But what about that other big screen in the car – the windscreen and associated head-up display systems (HUDs)? The obvious USP of a HUD is that the information is gleaned without taking eyes off the road, but Wagener says the technology has downsides too. “The technology has physical requirements, the light has to travel a certain distance to get the view, so you need a huge box [on the IP]. And the biggest disadvantage is that only the driver can see the HUD, not the passenger, it’s only viewable from a certain angle. Current HUDs don’t work for a whole screen and although you could control it by gesture that’s probably not as precise or convenient while driving. By the end of the decade new technologies like foils within the windscreen might enable a full-width HUD but now there’s nothing reliable that I know of.”
The Mercedes S Class UX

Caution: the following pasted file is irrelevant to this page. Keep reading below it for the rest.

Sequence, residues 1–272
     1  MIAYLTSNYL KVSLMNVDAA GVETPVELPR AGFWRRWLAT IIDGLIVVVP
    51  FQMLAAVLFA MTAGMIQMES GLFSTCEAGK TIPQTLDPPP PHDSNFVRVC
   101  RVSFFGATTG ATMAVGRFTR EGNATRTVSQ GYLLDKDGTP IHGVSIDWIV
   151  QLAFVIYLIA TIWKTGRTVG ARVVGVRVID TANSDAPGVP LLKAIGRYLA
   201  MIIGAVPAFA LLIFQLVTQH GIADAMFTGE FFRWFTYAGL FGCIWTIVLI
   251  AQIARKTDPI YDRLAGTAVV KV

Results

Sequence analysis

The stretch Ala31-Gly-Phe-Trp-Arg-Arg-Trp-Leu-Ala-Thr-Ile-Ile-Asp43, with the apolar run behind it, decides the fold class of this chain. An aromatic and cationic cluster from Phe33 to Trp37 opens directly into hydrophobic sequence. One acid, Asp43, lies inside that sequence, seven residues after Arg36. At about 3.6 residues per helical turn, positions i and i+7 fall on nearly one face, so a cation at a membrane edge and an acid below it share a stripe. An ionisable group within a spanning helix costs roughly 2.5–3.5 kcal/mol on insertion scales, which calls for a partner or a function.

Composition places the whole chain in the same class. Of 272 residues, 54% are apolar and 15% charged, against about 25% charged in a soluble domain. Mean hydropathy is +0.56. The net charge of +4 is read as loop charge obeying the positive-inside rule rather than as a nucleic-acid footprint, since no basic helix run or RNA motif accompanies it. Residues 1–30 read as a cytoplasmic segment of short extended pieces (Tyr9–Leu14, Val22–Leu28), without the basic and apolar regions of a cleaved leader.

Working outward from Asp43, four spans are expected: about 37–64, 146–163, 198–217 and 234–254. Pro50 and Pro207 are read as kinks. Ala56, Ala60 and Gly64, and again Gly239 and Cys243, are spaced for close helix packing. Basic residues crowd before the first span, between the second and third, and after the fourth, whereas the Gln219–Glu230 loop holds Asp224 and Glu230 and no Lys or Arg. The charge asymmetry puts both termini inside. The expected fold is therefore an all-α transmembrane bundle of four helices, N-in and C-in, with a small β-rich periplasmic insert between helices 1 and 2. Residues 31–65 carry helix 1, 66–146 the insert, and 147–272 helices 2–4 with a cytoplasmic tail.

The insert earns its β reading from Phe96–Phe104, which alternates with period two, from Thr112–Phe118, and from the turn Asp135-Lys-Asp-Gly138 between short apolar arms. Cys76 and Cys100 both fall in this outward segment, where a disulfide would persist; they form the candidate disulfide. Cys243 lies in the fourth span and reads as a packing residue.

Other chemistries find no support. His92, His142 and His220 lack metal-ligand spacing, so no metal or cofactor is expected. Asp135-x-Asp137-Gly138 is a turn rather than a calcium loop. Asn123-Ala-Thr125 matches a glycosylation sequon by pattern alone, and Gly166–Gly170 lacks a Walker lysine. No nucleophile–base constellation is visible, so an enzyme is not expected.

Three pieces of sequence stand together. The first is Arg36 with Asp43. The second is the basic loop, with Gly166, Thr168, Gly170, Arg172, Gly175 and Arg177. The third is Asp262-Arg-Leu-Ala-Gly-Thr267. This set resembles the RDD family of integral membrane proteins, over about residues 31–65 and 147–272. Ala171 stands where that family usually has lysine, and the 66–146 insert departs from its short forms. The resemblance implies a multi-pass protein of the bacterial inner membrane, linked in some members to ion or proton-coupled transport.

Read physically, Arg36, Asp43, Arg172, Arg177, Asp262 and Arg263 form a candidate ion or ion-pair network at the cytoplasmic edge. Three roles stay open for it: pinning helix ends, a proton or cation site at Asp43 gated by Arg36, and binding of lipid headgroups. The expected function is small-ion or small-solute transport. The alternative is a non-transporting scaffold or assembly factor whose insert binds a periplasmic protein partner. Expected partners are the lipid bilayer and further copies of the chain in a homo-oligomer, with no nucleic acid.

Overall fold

Ultimately, the Hyperscreen is a gamble for Mercedes in terms of wanting to be first with an innovation which may or may not gain wider acceptance. Asked whether there is a physical button to re-set the Hyperscreen if it fails, Wagener admits there is not and the biggest problem with the increasing advance of digital-everything within car cabins is that if they fail or underperform, the car is harder to drive safely or simply won’t drive at all. As Mensen Auto’s Meehan says: “It’s easy to mock the amount of attention screens get [from the media] in modern cars, especially with EVs, because there are more things connected to the screen. But knowing how far you can go, where you’re going and having your profile connected can really streamline the process if the screen works well, or massively impact how you can, or can’t do anything if it doesn’t.” To be fair to Mercedes, the Hyperscreen is only an option on the EQS, a more regular S-Class-style system with a few more buttons will be available too, but whatever car you choose – especially in the premium-to-luxury passenger realm – UX is increasingly becoming the deal-breaker. So it better be good.